Ronn Reynolds, a junior college transfer, was a two-year letterman for the Razorbacks in 1979 and 1980. A native of Wichita, Kan., Reynolds earned All-America and All-Southwest Conference honors in 1979 after finishing the season with a .347 average, six homers and 42 RBI. Reynolds helped the '79 Razorbacks to a second-place finish in Arkansas' first appearance in the College World Series. Reynolds was named to the Southwest Conference All-Tournament Team in 1979 and '80. He was drafted as a catcher by the New York Mets in the fifth round of the 1980 MLB Draft. He played professionally for the Mets, Philadelphia Phillies, Houston Astros and San Diego Padres.
Clyde Rhoden, basketball
A three-year letterman, Rhoden was the 13th Razorback to earn All-America honors in basketball when he was named to Converse's honorable mention squad in 1960. He was also a two-year first-team All-Southwest Conference selection in 1960 and 1961 while also taking National Association of Basketball Coaches all-district accolades in 1960. The Hot Springs, Ark., native was Arkansas' leading scorer in both 1959 (14.6) and 1960 (16.2), and concluded his 69-game career with averages of 14.2 points and 6.7 rebounds. He shot better than 41 percent from the floor over his three seasons and was a 68 percent free-throw shooter. He was just 22 points shy of eclipsing 1,000 for his three-year career.
Jody Rittenhouse, cross country, and track and field
During the early stages of the program, Rittenhouse was a standout at middle distances for the women's cross country, and track and field teams. In 1978, she made history as the program's first All-America selection in cross country. She added a pair of outdoor accolades to finish her career as a three-time All-American. Her name is still present in the program's records book as the fifth-fastest performer in the indoor 1,500 meters and as a member of the No. 3 indoor mile relay team.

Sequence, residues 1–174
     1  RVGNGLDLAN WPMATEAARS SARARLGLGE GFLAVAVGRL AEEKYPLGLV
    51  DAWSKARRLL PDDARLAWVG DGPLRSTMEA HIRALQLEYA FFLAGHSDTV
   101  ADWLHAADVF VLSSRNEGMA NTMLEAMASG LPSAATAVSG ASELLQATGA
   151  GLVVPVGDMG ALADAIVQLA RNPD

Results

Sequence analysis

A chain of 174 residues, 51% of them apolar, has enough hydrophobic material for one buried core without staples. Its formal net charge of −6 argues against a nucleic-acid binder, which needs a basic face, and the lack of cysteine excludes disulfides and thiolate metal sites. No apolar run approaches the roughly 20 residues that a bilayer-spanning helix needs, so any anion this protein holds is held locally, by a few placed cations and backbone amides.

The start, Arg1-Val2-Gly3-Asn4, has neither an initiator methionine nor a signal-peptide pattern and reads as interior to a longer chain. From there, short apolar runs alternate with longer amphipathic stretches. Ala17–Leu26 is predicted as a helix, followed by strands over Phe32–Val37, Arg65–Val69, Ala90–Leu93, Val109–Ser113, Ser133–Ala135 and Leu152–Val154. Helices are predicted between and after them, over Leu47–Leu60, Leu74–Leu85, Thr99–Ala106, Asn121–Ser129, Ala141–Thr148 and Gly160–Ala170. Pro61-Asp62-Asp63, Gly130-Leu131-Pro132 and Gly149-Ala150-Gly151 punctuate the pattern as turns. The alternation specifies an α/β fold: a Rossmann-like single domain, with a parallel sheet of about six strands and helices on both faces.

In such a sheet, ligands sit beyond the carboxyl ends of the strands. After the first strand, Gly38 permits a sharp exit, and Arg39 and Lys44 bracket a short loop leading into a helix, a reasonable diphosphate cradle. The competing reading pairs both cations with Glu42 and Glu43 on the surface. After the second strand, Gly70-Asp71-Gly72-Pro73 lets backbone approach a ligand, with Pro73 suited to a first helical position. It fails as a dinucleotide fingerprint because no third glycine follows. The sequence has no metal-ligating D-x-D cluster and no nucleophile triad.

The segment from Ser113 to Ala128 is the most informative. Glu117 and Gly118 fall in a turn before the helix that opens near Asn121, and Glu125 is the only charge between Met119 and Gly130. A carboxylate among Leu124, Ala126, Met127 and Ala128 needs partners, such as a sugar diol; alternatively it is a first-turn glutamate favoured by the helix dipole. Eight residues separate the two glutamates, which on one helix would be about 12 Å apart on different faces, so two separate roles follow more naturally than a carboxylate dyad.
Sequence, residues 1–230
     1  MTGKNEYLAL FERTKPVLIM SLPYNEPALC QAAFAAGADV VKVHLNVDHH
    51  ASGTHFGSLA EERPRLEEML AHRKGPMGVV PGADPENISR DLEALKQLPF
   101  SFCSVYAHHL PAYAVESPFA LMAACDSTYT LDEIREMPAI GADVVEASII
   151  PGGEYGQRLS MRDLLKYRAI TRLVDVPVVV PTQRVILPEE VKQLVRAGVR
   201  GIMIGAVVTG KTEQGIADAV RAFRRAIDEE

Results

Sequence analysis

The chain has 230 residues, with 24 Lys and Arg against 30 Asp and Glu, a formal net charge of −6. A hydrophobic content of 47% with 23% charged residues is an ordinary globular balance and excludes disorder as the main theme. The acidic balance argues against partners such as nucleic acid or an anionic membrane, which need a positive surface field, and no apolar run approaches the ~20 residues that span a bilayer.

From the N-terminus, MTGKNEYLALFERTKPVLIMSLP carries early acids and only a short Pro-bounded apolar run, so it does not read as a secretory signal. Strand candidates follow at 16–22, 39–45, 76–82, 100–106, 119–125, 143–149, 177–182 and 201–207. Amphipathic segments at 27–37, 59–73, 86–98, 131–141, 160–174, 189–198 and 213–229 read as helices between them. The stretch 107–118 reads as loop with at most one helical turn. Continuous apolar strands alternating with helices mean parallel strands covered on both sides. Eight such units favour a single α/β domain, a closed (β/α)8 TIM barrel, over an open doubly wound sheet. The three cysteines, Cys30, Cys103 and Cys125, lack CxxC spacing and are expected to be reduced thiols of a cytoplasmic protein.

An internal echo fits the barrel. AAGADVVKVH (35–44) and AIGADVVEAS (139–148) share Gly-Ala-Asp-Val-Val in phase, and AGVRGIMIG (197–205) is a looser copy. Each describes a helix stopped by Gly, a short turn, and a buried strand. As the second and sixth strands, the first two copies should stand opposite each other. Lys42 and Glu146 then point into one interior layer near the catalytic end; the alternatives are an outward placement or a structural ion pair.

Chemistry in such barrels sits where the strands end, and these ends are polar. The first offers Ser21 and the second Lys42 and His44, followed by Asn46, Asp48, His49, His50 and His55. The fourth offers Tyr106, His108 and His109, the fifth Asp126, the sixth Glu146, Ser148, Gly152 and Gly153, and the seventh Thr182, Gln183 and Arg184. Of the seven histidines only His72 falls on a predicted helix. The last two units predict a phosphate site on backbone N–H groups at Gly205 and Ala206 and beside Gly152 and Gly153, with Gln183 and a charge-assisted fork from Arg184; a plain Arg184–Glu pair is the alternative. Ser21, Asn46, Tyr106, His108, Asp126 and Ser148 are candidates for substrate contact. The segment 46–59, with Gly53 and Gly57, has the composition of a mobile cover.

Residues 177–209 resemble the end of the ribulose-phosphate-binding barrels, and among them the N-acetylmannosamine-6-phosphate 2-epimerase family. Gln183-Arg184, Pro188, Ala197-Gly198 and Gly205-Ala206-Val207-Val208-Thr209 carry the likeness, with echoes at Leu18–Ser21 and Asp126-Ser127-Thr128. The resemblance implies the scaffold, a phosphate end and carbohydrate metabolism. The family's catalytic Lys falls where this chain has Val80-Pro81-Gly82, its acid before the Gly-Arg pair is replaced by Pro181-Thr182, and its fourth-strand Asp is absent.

Lisa Sparks, track and field
Sparks was an early sprinting star for the women's track and field program, competing from 1980-83. She was a two-time All-American with a 1982 honor for the 4x100-meter relay and 1983 recognition at 440 yards. Sparks continues to hold a presence in Arkansas' records book as the school-record holder at 300 and 440 yards. She owns three of the top-five times in both events. She was also part of school-record performances in the indoor 4x200-meter relay with Wanda Harris, Patricia Johnson and Gloria Russell, and the mile relay with Russell, Linda Bedford and Diane Ousley.
Terry Stewart, football
Stewart lettered for the Razorbacks from 1967-69 and was named to the UA All-Decade Team for the 1960s. He was a first-team All-Southwest Conference performer and Academic All-American in 1969. Following his senior season, he was named a National Football Foundation Scholar and was awarded an NCAA post-graduate scholarship. He was a team captain in 1969, helping lead the Razorbacks to a No. 3 finish in the UPI poll and a No. 7 final placing in the AP poll after finishing the season 9-2 and playing in the Sugar Bowl. His punt return yardage total of 134 yards against Wichita State in 1969 still ranks fourth on UA's single-game list, and his 90-yard punt return touchdown from that game is the third-longest punt return touchdown in school history. In his three seasons, the team put together a record of 23-8-1 and earned a share of the 1968 SWC crown. He was selected in the sixth round of the 1970 NFL Draft by the New York Jets.
Dennis Winston, football
Winston lettered from 1973-76 and was selected to the UA All-Century Team in 1994. He led the Razorbacks with 13.0 tackles for loss and four fumble recoveries as a senior. He recorded more than 200 tackles, including a team-high 97 in 1974, and helped the Razorbacks to the 1976 Cotton Bowl where they defeated Georgia 31-10. He was named national Defensive Player of the Week by Sports Illustrated following his 19-tackle performance in the 22-7 win over No. 5 USC in 1974. Winston was selected in the fifth round of the 1977 NFL Draft by the Pittsburgh Steelers and played 11 seasons for the Steelers and New Orleans Saints. He appeared in 143 games and helped the Steelers to consecutive championships by winning Super Bowls XIII and XIV. He is one of six former Razorbacks to play in multiple Super Bowls.